Because of this, you can remove much of your personal liability by shopping with a credit card. According to the Fair Credit Billing Act (FCBA), the liability for unauthorized use of your credit card tops out at $50. If you report a lost or stolen credit card, you have no liability! This even includes the use of your credit card number. As long as you pay your bills on time and don’t spend more than you have, a credit card is a fantastic tool for keeping your money safe.


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Even if you do shop with a credit card, you may still worry about the safety and security of the merchant that you’re conducting business with. For example, who knows if a rogue employee could write down the card numbers from recent transactions and use them to buy stuff online? Two recent innovations provide an additional level of protection: the chip card and the mobile wallet. Both technologies work in a similar fashion.

When you dip a chip card, tap for contactless payment, or scan your mobile wallet, a unique code is created for each transaction. Because this code is different each time you pay, the merchant never knows your real card number! This means that the transaction is more secure than if you just swiped your card, since the data on the magnetic stripe never changes and is the same for every retailer. If someone tried to re-use that transaction code from your chip card or mobile wallet, your financial institution would automatically flag it as fraudulent.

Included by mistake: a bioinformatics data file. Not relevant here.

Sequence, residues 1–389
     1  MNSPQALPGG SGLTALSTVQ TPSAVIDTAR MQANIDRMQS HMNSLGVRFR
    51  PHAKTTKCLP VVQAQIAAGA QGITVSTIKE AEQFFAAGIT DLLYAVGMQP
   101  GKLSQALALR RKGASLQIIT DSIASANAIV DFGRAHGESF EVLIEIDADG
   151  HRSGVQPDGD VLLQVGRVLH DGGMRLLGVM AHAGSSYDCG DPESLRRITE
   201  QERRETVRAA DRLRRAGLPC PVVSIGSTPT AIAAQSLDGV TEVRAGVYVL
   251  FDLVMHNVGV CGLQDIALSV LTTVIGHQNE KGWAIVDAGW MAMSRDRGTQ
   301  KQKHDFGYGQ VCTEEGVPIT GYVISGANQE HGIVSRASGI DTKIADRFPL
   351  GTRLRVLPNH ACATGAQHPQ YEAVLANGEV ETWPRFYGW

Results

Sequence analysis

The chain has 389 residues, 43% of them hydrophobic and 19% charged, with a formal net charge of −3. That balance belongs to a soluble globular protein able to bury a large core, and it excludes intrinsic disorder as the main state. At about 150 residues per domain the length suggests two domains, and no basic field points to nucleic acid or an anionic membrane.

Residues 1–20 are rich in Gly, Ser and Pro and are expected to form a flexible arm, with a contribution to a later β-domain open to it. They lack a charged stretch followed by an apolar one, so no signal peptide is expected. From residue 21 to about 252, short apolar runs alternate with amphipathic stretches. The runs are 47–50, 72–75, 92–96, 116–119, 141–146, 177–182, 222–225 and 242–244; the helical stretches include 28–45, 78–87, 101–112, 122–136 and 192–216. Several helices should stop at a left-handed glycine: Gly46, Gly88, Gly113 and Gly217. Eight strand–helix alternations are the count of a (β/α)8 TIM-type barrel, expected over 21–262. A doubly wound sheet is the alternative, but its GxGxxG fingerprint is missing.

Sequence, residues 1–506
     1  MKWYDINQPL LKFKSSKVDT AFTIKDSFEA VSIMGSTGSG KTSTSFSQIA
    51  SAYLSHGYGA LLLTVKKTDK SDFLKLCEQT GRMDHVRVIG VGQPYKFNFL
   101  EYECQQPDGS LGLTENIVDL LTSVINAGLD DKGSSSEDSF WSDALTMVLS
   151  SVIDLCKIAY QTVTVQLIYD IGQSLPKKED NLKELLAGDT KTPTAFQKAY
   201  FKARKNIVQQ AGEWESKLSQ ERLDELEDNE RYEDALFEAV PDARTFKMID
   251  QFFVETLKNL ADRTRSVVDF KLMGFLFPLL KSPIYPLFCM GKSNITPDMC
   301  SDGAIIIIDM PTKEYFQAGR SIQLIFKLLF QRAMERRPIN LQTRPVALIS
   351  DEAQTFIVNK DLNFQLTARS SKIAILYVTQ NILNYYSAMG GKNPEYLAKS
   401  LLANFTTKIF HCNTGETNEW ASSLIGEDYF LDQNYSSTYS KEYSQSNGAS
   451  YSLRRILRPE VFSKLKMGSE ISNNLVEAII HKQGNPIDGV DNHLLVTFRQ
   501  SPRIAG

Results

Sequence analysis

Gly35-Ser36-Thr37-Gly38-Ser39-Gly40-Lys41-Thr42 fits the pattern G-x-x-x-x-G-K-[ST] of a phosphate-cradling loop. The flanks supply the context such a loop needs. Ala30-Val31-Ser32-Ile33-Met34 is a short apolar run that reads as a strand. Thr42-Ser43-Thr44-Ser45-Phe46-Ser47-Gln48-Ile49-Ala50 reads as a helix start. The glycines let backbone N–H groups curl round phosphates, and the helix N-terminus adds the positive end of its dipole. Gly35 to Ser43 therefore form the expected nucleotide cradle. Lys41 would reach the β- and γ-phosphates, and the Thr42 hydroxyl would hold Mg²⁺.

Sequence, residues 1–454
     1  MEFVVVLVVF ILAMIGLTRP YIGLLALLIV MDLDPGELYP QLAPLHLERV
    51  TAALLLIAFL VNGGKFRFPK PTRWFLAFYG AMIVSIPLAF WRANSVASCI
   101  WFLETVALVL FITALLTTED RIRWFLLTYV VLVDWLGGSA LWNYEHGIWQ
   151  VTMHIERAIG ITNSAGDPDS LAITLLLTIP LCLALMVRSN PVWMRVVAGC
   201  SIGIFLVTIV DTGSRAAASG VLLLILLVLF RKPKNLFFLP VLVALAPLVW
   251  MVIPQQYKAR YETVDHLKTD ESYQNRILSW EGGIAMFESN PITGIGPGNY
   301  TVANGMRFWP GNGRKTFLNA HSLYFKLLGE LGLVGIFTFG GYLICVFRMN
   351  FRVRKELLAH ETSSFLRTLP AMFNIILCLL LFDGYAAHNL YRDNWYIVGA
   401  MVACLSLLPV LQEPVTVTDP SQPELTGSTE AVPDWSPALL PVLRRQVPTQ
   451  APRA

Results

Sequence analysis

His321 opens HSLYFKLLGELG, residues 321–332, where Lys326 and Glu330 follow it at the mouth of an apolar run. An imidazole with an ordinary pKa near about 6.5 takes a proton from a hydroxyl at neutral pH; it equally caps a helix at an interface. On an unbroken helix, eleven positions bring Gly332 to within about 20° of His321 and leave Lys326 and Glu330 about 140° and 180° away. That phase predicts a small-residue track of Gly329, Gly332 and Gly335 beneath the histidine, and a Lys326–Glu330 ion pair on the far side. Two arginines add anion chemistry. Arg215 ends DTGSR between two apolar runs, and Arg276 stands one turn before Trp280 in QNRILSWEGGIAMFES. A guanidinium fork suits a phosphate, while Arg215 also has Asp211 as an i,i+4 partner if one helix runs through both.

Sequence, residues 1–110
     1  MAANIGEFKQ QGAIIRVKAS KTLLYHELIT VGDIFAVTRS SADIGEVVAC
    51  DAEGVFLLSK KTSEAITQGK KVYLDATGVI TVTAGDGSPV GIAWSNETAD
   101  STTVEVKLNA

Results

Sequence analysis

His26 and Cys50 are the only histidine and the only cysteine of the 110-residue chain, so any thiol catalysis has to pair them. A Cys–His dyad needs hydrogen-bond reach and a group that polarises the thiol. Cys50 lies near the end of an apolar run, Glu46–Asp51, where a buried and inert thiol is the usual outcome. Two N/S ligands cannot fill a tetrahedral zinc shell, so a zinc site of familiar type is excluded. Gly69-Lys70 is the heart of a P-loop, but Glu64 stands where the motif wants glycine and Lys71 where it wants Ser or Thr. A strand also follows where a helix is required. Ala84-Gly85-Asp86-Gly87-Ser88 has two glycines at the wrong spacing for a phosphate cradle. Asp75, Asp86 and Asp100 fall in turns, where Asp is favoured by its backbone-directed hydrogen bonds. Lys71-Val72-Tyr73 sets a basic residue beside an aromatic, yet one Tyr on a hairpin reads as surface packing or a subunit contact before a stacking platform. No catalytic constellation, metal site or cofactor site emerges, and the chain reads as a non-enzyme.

Mobile wallets also require an additional level of security in the form of a unique device identifier. Without that identifier and the unique code mentioned above, the transaction will not go through successfully. Should you lose your phone, you can always remotely disable these payment options. It’s also worth knowing that many phones use a secure authentication chip to keep your payment data isolated from other apps and services.